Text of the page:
Kyle Rittenhouse was tried for two very different crimes. The prosecution accused him of being in the wrong place for the wrong reasons and of carrying a weapon into a volatile situation. Rittenhouse’s attorneys defended him against a very different charge, namely that he did not act in self-defense during the moments when he was confronted with a skateboard and a loaded gun.
Anyone who has seen biased commentators on CNN or MSNBC would have focused on the prosecution charges. Anyone who has seen the actual trial live would have understood that the case was much narrower and that the only problem was whether Rittenhouse reasonably feared for his life during the moments before firing the shots that killed two men and wounded a third.
Had he been tried for the prosecution’s version of the crime, he would have been found morally guilty. I should never have gone to Kenosha. It should never have been armed. And he should never have gotten into a situation where he might have to use lethal force in self-defense.
But those were not the charges. And, in fact, it couldn’t be the charges, because his actions, morally wrong as they may have been, were protected by the First and Second Amendments to the United States Constitution.
Had he been on this jury, he would have been found not guilty because the government could not prove beyond a reasonable doubt that he was not acting in self-defense. His testimony was credible. I thought her tears were genuine when testified and again when the verdict was rendered.
Viewers who actually saw her testimony could judge for themselves whether the broadcasters and television analysts, who in many cases prejudged the case, had correctly characterized her crying as privileged white crocodile tears. That’s why live coverage of trials is important – it serves as a checkpoint for biased commentators who applaud certain results and fail to report factually on the facts. It is unlikely that observers who witnessed the trial were surprised by the outcome. But those who got their information leaked through biased commenters would likely be shocked.
Had Rittenhouse been convicted, it is certainly possible that his conviction would have been reversed on appeal because prosecutors made serious mistakes. They misinformed the jury as to whether a gunman can claim self-defense against an unarmed assailant. (It can, under certain circumstances). They did not give the defense a high-quality version of a crucial video. But the prohibition of dual criminality precludes an appeal by the prosecution of a not guilty verdict or a second criminal trial. It doesn’t preclude civil lawsuits, of course, but they’re also unlikely to be successful based on the facts.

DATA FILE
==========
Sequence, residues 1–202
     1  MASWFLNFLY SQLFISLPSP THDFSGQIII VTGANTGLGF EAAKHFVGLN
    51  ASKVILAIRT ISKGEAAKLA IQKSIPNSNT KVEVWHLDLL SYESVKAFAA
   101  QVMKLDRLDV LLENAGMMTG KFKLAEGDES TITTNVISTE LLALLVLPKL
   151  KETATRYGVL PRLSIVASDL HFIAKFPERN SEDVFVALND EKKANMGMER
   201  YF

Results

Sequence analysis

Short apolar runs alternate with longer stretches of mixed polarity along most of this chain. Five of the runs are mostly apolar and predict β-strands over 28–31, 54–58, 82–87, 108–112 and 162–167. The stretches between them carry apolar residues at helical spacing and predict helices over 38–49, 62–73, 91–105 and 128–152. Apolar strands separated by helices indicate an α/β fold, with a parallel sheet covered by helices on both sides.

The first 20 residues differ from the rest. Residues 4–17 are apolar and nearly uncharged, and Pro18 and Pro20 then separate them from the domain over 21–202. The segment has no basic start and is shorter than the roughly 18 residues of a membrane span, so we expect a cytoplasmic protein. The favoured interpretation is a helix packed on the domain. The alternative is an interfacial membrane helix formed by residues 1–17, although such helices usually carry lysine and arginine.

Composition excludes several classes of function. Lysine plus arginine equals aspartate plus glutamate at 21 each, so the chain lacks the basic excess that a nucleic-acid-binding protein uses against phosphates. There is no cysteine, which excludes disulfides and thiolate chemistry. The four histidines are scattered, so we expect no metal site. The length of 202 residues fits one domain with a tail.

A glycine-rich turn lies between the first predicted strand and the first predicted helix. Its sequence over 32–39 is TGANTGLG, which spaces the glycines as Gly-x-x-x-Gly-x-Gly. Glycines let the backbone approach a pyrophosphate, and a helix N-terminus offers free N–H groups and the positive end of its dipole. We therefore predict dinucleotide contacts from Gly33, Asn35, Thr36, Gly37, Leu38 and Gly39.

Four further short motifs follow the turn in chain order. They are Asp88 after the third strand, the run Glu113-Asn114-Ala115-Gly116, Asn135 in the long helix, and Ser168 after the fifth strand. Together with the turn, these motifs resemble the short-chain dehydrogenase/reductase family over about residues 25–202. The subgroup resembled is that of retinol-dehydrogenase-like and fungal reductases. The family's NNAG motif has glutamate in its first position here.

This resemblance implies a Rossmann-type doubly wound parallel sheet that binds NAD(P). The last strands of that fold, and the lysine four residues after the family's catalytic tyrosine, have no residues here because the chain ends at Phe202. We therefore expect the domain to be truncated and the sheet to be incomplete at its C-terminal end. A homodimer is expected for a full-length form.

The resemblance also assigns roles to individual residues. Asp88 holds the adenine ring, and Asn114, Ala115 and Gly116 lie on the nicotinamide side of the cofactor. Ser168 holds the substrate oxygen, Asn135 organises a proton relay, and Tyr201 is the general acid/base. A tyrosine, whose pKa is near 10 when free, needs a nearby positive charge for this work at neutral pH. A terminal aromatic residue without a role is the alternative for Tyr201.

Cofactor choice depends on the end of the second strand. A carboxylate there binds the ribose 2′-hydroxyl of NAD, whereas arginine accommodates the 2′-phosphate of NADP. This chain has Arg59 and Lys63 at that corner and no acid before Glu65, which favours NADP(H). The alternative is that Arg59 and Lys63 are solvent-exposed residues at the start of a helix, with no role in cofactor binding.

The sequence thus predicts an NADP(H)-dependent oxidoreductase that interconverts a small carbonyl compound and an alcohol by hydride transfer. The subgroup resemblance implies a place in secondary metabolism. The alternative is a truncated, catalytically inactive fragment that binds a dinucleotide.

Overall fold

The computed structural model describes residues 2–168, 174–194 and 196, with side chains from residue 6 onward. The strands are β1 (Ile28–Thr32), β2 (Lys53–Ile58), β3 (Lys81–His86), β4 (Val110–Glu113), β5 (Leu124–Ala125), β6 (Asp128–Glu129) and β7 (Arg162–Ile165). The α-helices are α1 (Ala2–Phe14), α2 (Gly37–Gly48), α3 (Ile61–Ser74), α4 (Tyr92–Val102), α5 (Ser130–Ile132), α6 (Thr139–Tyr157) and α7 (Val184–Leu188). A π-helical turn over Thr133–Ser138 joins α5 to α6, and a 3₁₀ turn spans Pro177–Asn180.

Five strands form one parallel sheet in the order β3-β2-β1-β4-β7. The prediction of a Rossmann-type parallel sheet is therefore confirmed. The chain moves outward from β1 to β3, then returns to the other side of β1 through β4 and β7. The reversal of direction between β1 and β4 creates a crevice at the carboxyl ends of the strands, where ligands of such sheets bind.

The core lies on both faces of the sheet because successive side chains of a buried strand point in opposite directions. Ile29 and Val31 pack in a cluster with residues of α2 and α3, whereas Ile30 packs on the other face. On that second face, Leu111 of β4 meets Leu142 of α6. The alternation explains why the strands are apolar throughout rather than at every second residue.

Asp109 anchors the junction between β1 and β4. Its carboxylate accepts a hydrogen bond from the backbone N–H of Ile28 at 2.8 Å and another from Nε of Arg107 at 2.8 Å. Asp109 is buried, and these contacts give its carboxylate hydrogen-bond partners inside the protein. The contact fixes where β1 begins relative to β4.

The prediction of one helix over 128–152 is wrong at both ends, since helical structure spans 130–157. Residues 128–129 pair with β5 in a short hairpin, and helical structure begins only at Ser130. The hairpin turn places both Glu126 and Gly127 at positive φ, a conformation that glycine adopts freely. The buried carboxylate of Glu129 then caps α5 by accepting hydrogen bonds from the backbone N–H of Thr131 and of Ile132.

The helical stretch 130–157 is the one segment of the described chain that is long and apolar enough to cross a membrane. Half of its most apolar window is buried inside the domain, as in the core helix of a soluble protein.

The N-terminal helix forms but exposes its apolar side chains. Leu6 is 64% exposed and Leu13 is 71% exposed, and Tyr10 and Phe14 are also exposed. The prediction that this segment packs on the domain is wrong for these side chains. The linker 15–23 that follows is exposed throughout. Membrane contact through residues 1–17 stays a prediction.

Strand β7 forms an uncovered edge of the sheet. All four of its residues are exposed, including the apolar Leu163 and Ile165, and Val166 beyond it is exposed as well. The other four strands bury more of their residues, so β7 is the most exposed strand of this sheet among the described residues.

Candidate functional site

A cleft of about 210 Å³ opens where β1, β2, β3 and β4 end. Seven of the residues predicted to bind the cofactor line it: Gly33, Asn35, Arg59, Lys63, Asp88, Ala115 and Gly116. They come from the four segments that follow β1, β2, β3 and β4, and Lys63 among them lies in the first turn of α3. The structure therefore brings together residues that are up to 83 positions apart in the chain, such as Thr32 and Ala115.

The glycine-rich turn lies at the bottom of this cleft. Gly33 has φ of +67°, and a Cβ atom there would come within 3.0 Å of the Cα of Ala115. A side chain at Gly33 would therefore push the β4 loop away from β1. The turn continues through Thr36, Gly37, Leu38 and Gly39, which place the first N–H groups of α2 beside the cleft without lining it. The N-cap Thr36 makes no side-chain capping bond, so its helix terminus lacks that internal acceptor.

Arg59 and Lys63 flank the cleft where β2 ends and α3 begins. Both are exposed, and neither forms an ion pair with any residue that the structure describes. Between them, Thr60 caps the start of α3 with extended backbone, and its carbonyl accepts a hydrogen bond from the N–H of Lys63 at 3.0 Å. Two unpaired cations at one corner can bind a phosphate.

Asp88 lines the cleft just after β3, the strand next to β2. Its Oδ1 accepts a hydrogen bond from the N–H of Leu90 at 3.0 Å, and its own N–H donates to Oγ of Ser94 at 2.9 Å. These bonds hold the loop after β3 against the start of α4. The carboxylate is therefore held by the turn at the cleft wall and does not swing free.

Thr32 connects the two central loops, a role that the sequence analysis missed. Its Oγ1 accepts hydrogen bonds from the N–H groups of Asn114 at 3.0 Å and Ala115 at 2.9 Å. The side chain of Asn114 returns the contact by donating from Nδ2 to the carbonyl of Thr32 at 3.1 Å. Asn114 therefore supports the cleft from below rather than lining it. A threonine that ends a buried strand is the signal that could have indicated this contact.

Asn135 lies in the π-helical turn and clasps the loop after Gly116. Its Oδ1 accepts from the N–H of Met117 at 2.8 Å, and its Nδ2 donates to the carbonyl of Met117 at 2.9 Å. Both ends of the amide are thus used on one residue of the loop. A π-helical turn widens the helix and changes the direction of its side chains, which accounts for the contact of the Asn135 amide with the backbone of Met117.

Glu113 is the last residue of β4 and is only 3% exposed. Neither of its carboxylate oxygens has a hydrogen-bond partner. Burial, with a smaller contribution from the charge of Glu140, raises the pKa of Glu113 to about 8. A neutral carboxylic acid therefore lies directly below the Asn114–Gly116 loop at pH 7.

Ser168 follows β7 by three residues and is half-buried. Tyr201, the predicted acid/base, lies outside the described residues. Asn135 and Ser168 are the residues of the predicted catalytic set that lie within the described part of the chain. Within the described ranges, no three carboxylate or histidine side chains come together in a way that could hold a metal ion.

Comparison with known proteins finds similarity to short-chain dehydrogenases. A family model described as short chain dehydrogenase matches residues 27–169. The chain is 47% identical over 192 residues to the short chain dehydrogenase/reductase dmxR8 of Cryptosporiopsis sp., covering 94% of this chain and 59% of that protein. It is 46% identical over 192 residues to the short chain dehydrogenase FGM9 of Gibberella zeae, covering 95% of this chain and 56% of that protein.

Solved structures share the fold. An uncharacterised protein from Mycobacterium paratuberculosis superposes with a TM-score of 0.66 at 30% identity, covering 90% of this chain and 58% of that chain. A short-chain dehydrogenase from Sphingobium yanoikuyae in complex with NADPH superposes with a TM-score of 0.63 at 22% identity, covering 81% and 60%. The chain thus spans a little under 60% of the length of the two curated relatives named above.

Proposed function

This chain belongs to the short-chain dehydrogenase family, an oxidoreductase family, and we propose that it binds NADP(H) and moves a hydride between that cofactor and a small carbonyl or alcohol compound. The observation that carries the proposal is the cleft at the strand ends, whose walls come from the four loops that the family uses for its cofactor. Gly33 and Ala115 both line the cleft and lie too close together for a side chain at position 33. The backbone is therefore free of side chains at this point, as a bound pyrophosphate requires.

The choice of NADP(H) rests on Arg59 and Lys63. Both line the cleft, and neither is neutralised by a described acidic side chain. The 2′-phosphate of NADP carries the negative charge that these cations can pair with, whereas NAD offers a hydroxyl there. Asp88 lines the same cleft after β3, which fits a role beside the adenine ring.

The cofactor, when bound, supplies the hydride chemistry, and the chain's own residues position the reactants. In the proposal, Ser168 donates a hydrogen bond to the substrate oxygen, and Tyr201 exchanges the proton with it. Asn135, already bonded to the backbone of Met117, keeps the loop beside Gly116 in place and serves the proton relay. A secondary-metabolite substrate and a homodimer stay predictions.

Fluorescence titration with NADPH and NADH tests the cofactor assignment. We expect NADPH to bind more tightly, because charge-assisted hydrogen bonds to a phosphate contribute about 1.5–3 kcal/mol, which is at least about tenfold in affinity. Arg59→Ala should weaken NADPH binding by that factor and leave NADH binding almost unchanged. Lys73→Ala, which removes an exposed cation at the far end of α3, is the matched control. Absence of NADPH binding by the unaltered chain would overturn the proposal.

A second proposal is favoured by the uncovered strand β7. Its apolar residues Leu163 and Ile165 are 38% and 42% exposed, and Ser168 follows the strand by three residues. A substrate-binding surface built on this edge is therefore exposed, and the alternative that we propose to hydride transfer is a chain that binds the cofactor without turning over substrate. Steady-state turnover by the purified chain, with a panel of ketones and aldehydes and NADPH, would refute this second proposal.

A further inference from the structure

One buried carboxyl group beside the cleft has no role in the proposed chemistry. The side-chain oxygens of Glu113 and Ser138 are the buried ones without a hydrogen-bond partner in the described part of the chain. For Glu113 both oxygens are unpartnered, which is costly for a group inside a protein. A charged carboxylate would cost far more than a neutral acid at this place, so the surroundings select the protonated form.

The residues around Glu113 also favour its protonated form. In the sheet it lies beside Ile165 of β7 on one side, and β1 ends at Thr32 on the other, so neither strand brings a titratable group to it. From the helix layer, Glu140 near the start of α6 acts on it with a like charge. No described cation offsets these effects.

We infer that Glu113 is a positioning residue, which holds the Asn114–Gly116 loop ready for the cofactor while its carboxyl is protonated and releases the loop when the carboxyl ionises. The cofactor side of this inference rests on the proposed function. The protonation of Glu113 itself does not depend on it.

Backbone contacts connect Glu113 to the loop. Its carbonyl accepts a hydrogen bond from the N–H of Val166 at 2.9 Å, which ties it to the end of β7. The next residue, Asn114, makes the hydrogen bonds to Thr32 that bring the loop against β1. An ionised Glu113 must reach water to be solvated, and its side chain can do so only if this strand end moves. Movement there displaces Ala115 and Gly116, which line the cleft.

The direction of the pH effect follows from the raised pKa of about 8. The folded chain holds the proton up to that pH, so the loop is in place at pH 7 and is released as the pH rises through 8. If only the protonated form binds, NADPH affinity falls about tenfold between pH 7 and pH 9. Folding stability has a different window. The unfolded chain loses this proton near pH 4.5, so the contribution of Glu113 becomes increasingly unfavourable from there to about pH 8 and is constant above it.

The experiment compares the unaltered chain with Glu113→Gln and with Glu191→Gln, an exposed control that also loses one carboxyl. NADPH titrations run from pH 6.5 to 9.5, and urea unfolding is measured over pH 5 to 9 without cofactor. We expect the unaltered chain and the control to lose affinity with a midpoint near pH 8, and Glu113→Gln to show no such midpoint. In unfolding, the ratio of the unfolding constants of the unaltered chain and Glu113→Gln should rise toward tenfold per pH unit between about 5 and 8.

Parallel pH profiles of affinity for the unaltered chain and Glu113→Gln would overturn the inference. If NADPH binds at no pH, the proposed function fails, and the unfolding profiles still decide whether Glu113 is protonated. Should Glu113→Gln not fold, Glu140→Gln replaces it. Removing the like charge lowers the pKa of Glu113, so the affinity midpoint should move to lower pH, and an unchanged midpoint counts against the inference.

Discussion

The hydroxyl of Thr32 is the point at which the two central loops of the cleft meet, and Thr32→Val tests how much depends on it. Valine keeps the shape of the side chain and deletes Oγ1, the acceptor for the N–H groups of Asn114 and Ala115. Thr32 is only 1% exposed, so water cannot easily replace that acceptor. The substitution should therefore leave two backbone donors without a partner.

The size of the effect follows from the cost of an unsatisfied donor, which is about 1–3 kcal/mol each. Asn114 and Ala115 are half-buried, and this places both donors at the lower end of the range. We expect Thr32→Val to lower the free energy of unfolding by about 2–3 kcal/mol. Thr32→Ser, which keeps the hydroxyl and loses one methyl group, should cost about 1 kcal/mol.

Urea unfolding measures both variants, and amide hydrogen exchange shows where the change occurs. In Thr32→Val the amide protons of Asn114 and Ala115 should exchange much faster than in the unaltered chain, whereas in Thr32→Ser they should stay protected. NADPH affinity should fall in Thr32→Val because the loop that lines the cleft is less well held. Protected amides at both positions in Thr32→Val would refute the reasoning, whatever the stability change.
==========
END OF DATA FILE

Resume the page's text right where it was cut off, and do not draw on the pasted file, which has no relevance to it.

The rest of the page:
Kyle Rittenhouse is not a hero and should not be praised. The last thing we need in this deeply divided nation are armed vigilantes who travel into volatile situations to protect property from rioters. That’s the job of trained law enforcement officers, not 17-year-olds with AR-15 guns.
But a criminal trial of a particular individual for a specific crime should never become a referendum on racial, social, or political justice. It should focus on the specific facts and law. The verdict is not designed to send a message or become a rallying cry for any particular group or ideology. It is only a determination based on admissible evidence of whether the prosecution has met its heavy burden of proving each of the elements against a defendant.
The Kenosha, Wis., Jury, after lengthy deliberation, unanimously decided that the prosecution did not meet that burden in this case. They were right under the law.
Those who do not agree with the acquittal have the right to criticize it, but they also have the obligation to clarify the facts. For example, the mayor of New York City Bill de Blasio said that Rittenhouse illegally crossed state lines with a gun, but evidence showed the gun was always in Wisconsin.
Resigned Governor of New York, Andrew Cuomo, tweeted: “Today’s verdict is a stain on America’s soul and sends a dangerous message about who and what values our justice system was designed to protect. We must stand united in rejecting supremacist vigilantism and say with one voice: this is not who we are. ”
I agree that we must reject supremacist vigilantism, but I do not agree that this verdict sends a “dangerous message.” On the contrary, if anything, it sends a positive message, namely that juries are able to separate fact from ideology and can do justice in an individual case based solely on evidence and the law.
Alan Dershowitz, a professor emeritus at Harvard Law School, was part of the legal team that represented President Trump in the first Senate impeachment trial. Dershowitz is the author of numerous books, including “The Case Against New Censorship,” and his podcast, “The Dershow,” is available on Spotify and YouTube. Follow him on Twitter @AlanDersh.